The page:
1. Bake the cake at least a day before you plan to decorate it.
Note: If you know your baking isn’t cooked through but it’s looking crusty on top, carefully place a sheet of tinfoil on top of the cake. This will stop it from getting any darker on top but will allow the cake to continue cooking until it’s fully done.
2. Make the buttercream
Beat butter in an electric mixer, using a paddle attachment, until the butter lightens in colour. Slowly add icing sugar in small batches (so it doesn’t fly out of the mixing bowl), beating in between until combined. Add milk 1 tablespoon at a time.
Note: Start with room-temperature butter (not melted) and to beat with an electric mixer until the butter turns from a yellow to a white tone before adding icing sugar. If necessary, make buttercream in two batches, mixing together at colouring stage to ensure consistent colour.
Buttercream can be stored in an airtight container for up to 2 weeks in the fridge, but bring it back to room temperature and beat again before using so it is as light, fluffy and soft as possible.
3. Colour buttercream by adding yellow colouring and mixing well until desired colour is reached.
4. Crumb coat the cake by applying a thin layer of buttercream with a palette knife or offset spatula to achieve a very thin, smooth finish (you should be able to see the cake through the icing). Never wipe excess crumb-coat icing back into the main bowl of icing as it will be full of crumbs and spoil the rest of the icing.
5. Refrigerate cake until dry to the touch.
6. Place the cake on the serving plate.
7. Pipe the beehive:
Fit the extra-large round piping tip to the piping bag and fill the bag with yellow buttercream. Starting at the base of the cake, pipe a full circle around the cake. Repeat, piping circles around the cake all the way to the top. Finish with a blob of piping at the top.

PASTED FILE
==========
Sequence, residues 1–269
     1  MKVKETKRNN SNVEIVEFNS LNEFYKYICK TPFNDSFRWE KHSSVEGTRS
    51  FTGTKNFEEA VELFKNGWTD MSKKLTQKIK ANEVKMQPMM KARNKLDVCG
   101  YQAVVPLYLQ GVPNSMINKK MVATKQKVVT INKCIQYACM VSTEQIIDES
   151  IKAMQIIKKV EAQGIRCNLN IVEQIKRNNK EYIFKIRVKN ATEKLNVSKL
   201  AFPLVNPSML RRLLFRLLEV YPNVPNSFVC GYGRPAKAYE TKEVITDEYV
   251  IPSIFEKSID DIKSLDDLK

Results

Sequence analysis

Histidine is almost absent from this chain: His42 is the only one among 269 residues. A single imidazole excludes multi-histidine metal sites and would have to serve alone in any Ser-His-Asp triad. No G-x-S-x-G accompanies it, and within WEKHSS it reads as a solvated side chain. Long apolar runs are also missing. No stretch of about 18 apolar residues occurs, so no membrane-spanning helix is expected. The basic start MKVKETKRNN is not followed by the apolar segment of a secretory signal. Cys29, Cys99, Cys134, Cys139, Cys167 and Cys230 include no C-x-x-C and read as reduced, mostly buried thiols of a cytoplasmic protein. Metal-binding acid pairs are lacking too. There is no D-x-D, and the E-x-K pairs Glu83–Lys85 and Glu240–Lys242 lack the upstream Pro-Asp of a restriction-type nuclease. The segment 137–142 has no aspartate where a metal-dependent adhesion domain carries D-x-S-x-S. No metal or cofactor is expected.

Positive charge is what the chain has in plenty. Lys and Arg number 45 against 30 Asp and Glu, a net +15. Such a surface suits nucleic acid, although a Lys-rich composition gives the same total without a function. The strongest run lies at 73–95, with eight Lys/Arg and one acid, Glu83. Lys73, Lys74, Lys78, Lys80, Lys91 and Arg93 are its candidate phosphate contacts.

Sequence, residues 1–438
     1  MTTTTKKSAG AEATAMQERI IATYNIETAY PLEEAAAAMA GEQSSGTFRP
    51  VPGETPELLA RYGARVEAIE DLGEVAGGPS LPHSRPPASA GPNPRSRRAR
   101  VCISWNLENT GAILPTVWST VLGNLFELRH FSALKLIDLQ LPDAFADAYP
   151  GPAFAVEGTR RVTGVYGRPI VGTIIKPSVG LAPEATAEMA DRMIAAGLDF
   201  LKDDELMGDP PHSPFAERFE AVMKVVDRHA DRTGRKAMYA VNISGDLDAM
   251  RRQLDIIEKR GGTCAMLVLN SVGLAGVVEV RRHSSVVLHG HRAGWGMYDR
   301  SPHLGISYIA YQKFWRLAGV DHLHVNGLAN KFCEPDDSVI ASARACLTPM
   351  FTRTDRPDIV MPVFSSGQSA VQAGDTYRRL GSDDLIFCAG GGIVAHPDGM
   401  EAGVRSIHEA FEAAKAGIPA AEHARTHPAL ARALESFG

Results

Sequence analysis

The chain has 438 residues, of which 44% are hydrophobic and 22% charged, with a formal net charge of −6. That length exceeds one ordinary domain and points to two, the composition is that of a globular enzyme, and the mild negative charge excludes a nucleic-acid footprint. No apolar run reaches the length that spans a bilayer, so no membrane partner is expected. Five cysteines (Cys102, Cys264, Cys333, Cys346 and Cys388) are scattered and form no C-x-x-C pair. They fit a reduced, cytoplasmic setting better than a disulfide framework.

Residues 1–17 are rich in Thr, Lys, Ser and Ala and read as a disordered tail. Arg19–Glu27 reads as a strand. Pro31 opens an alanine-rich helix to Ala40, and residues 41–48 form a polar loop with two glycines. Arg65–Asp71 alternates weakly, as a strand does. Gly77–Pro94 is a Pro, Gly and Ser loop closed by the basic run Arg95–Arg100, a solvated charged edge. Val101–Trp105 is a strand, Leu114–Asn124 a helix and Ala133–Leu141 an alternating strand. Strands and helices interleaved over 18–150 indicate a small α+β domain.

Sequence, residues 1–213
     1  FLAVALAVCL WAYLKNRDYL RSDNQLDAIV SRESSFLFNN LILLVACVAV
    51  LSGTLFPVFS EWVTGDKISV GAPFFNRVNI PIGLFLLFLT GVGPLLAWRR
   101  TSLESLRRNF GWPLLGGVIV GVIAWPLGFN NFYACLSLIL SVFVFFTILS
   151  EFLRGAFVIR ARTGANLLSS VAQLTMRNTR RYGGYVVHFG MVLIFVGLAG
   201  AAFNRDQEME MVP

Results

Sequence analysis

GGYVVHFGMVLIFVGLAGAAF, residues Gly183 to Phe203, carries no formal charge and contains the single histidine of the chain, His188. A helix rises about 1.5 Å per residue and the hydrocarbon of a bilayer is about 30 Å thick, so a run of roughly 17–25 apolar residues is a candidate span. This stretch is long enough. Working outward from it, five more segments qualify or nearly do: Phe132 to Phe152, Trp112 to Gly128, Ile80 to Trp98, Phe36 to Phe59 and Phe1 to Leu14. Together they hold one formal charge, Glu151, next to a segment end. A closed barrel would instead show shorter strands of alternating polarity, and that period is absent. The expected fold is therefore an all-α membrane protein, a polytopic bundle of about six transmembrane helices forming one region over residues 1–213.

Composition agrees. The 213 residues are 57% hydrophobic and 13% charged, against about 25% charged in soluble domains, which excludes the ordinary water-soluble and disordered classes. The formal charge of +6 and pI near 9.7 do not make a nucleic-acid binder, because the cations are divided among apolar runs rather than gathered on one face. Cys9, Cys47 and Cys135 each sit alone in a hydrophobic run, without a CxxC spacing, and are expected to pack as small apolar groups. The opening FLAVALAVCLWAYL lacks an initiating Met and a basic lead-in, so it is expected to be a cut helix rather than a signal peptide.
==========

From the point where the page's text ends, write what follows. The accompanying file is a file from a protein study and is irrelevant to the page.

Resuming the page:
8. Make the bees:
Divide yellow fondant into 7 equal parts (10 g each), then roll them into oval-shaped bodies with your hands.
Thinly roll out black fondant with a rolling pin dusted with a little cornflour. Cut 7 lengths that are 7 mm wide and wrap one around the width of each yellow body. Trim off the excess fondant and secure it to the body with a dot of water.
Use a skewer to poke 2 small eyeholes at one end of each bee body and fill them with tiny rolled balls of black fondant.
To make the stingers, separate the remaining black fondant into 7 equal-sized cone shapes. Stick one to the back of each body with a little water and mould each into a spike.
To make the wings, thinly roll out the white fondant and punch out 14 small round circles about 1.5 cm in diameter (the open end of a piping tip works well). Pinch each circle to make a teardrop shape and stick 2 wings to the back of each bee, with the point of each teardrop together and facing forward.
9. Wind one end of each piece of floral wire around a pen 3–5 times, keeping the rest of the wire straight. Carefully push the curled end of the wire into the underbelly of each bee and insert the straight end deep into the cake for support.
10. Add the buzzy bees to the cake on the day you serve it to prevent the wire from flopping overnight. Make sure the wire is inserted deeply into the cake to hold the weight of the bee.